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Top Five Disruptive Technologies for 2009, According to Saugatuck Technology

Originally published December 30, 2008

Saugatuck Technology released a list of top five disruptive technologies to watch during this current economic downturn: 

Software as a service (SaaS): The economic appeal of SaaS is that usage-based or subscription pricing can move software costs into the operating budget from the capital budget. Plus, the supporting infrastructure is off-premises, thus eliminating the need to buy additional hardware or hire personnel to manage it. Critical Issue: Integration. 

Strategic Planning Position(s):   

·         2009 will be the year that serious horizontal and “buying center”-driven SaaS suites emerge, via pure-play investment and aggressive industry consolidation and M&A.

·         By 2012, roughly half of the companies considered "SaaS Master Brands" will be pure-play SaaS providers; the remaining will be traditional Master Brands who have repurposed their businesses.

Cloud computing: Whether it is on-demand storage services, an on-demand application development platform, a runtime infrastructure for a custom mission-critical application or integration as a service, CIOs are taking cloud computing seriously. Cloud computing – whether through public or private services – promises reduced costs while satisfying the needs of both large and small enterprises alike. Critical Issue: IT Management challenges. 

Strategic Planning Position(s): By 2013, at least 20 percent of enterprise IT workloads – that historically would have operated on-premises – will be run in the public cloud, providing significantly enhanced functionality, lower costs, fewer staff and reduced carbon footprint. 

Virtualization: Consider that on average, a physical server typically runs at 10% or less utilization, while a virtualized server can mean an increase in utilization to 60 or 70%. This means that data centers can reduce the number of servers required to support the business by eighty percent or more. Critical Issue: Ownership.

Strategic Planning Position(s):  

  •      By YE 2010, large enterprises will virtualize at least 35 percent of non-desktop IT infrastructure and 20 percent of desktop IT infrastructure.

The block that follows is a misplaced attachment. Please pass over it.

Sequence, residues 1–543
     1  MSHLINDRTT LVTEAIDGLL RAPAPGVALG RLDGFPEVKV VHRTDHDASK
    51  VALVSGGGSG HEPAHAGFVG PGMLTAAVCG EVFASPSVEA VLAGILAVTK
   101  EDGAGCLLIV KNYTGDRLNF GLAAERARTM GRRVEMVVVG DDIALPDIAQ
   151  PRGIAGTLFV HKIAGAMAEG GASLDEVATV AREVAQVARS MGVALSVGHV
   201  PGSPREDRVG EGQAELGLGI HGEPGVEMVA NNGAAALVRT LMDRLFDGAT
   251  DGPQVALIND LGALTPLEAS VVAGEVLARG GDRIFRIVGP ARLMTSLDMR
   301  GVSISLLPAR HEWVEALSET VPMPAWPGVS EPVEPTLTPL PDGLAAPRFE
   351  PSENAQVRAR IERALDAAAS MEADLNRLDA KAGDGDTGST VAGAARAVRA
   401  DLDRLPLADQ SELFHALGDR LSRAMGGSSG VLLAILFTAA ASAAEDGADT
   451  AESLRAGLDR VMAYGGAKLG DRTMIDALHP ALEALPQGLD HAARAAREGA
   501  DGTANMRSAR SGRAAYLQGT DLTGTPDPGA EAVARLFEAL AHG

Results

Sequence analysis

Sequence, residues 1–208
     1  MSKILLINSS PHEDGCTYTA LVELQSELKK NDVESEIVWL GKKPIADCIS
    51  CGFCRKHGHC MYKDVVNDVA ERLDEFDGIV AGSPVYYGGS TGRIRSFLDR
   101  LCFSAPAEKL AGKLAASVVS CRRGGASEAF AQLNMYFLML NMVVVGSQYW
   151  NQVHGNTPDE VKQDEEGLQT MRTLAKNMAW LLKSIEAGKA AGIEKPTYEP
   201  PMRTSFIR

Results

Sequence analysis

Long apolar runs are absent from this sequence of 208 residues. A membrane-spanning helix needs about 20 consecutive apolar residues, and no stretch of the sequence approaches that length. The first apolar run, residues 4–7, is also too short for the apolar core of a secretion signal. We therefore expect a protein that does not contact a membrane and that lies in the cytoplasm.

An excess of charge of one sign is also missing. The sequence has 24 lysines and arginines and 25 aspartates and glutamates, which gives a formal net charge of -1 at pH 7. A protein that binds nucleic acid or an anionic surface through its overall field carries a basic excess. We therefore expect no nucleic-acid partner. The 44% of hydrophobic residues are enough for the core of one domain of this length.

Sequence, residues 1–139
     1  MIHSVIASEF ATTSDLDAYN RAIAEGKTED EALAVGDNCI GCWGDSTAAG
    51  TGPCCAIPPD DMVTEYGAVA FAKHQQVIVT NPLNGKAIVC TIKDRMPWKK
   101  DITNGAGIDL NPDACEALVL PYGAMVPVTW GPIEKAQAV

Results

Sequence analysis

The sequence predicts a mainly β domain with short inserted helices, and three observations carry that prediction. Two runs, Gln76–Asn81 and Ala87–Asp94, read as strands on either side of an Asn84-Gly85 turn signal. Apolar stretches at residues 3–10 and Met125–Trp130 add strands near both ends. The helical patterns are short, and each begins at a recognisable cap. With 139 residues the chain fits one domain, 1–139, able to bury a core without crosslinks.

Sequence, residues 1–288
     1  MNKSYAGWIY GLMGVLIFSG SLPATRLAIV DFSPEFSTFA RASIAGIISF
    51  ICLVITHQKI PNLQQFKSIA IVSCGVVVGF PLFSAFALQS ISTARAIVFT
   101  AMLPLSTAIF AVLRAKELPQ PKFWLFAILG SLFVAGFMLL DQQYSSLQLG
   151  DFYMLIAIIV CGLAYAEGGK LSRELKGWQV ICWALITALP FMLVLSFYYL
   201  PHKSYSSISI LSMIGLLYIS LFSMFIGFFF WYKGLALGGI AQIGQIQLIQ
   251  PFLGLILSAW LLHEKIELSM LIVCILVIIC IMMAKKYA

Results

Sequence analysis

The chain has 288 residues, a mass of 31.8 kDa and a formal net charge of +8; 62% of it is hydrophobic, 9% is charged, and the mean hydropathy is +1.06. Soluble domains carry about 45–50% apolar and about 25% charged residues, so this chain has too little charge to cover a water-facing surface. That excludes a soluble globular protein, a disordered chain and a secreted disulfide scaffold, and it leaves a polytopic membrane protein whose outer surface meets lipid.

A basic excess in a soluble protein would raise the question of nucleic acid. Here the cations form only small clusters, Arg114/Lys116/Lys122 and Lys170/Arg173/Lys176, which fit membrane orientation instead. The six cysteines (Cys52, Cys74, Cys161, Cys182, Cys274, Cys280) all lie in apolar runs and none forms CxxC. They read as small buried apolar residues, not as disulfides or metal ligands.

·         Through 2013, management tools, processes, expertise, and services (not functionality) will remain the key limiting factor in user adoption of IT Virtualization.

Open source: The same factors that attract users to open source – lower costs and reduced times of development, and reduced dependency on vendor-specific technologies – have attracted commercial software vendors to use and incorporate open source into their offerings and portfolios. Critical Issue: Governance.

Strategic Planning Position(s): 

·         By YE 2009, open source will be part of practically all software in user enterprises. 

·         By YE 2009, the widespread inclusion of multiple open source software components by vendors (including SaaS and cloud providers) will force users and vendors to invest significant IT, Finance, and Legal resources on open source licensing governance.

Social Computing: With the potential to improve information sharing internally and connect companies more closely with external customers, suppliers and partners, social computing is beginning to prove itself beneficial to the enterprise. Critical Issue: Integrating social applications into enterprise business applications.

Strategic Planning Position(s): By year end 2010, one-quarter of business process improvement initiatives will include the integration of social information into the context of business applications and workflows.

Five Disruptive Technologies to Watch

Knowing how, where and when technology and business disruption is likely to occur, enables user firms to improve their planning, management and decision making. Knowing how, where and when user firms will plan and manage disruption in business and technology helps technology vendors and services providers identify opportunities and plan offerings. 

Saugatuck does not expect most user firms to invest heavily in any IT for the next year or more, unless those firms are experiencing dramatic growth, or have needs for new or improved IT that will clearly result in strong business improvement. A shift “backwards” toward more centralized IT spending scrutiny (capital and operational) with a renewed emphasis on compelling business cases will be the norm. Such practices can be effective in helping to manage IT costs with traditional technologies. 

Under this scenario we can expect some investment in these technologies and some progress toward business and IT improvement – especially when they can help deliver new innovation cost-effectively, or lower the cost of existing service delivery. 

But these five disruptive influences will also continue to come in through “side doors” and could reach critical mass through unofficial channels and practices. User firms that are unaware of their presence and/or lack effective governance to deal with these influences will find costs for IT management, security, integration, and operations escalating during a time when those firms may need some very tactical restraint. 

Excerpted from December 19 Strategic Perspective by Saugatuck Technology entitled Five Disruptive Technologies to Watch in 2009.


This BeyeNETWORK news item contains information from a recent press release by the company mentioned.